When one talks about recognizing the layers in sugyos--this was a tool in the arsenal of the baalei ha-tosafos. It was not a invented in the 20th century by some hoqrim in the academy. It was something that was well known to many, many rishonim and they use it to explain frequently problems in sugyos and between sugyos. There's nothing new about it. It is not the end-all and be-all of talmud Torah, but it is another useful and valuable skill in learning Gemara. This can be said for--almost everything, not everything. For many things that certain people in the academy have been machshiv. Someone like David Weiss Halivni, was not interested in a lot of the modern academic Talmud, but was interested in--again, I am not commenting about specific persons--but in learning Gemara. These were different methodologies that one can add to one's arsenal. Despite my occasionally making fun (maybe more than occasionally) of myself for sounding Brisk and making fun of Brisk, conceptual analysis plays a very important role in learning. Anyone who has been in this shiur for any period of time, maybe not for one or two days--it could look different--knows that it plays a regular role because, especially you learn Nezikin and Nashim, there's no other way around it. You have to engage in it some of the time. Perhaps, some people are more inclined to see it everywhere and some people are inclined to see it in fewer places and sometimes seek out alternative solutions. But it plays a major, major role even if it didn't come down mi-Sinai, like this is the only aspect of talmud Torah one shoudl engage in, it's still very important.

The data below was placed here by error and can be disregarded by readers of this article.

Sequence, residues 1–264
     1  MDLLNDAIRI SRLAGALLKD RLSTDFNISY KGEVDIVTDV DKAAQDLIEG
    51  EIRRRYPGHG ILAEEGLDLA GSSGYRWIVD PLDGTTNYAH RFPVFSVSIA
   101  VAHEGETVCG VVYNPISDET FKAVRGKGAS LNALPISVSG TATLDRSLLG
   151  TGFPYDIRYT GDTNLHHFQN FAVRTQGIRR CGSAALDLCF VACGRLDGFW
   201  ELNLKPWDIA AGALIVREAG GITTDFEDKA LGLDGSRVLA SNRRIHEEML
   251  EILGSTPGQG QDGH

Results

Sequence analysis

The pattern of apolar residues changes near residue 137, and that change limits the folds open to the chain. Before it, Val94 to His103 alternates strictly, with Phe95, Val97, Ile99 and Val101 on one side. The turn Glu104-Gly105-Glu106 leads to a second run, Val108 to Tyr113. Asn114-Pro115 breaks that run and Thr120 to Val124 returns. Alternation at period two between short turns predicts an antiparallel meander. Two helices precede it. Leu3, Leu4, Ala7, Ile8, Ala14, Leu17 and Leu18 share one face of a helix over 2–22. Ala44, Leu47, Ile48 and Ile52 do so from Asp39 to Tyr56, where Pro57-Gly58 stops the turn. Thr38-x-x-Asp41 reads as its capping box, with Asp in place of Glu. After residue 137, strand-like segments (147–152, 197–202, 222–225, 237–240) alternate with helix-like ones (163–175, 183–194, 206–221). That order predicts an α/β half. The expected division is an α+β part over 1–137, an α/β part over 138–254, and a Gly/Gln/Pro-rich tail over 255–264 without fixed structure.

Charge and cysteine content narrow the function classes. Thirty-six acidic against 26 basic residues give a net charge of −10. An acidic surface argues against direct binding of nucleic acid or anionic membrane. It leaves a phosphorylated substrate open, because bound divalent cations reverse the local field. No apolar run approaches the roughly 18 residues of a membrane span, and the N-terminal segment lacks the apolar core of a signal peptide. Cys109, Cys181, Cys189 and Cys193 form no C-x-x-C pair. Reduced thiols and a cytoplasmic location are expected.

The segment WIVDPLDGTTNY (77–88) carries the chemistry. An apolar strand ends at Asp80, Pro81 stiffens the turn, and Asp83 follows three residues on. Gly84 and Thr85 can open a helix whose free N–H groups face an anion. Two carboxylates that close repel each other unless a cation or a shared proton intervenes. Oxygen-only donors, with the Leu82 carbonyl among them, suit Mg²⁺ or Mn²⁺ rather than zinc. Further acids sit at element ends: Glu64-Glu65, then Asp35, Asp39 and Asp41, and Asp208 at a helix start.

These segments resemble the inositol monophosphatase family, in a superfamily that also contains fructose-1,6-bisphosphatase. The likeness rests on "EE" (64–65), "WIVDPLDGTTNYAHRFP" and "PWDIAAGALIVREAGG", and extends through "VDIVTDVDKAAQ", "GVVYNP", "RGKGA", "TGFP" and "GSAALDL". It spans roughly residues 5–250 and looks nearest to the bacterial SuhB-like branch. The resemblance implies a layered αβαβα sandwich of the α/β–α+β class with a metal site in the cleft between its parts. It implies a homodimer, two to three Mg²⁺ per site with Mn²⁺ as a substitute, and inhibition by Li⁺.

So--hence, some people might walk away because what makes this shiur different, among other things, is that these are tools and methodologies that are acceptable to use. They're acceptable. Now, to supplement, to enhance and to magnify the scope of our talmud Torah, and therefore they may be emphasized because what characterizes our shiur is not--maybe it does, actually--that we learn Gemara, but let's assume for the moment that it doesn't characterize the shiur to say "What do you do in your shiur?" "I learn Gemara," because that's not really helpful, it doesn't really tell you anything--"Yeah, but so does everybody else" and say "I learn rishonim," and even if those two enterprises take up, you know, 90% of the time or more it's not useful in characterizing it, so one of the things which stands out, which gives the shiur a particular flavor, is the presence of the question of layers in sugyos more so, perhaps, than any of the other issues which come up in mehqar, but other issues as well.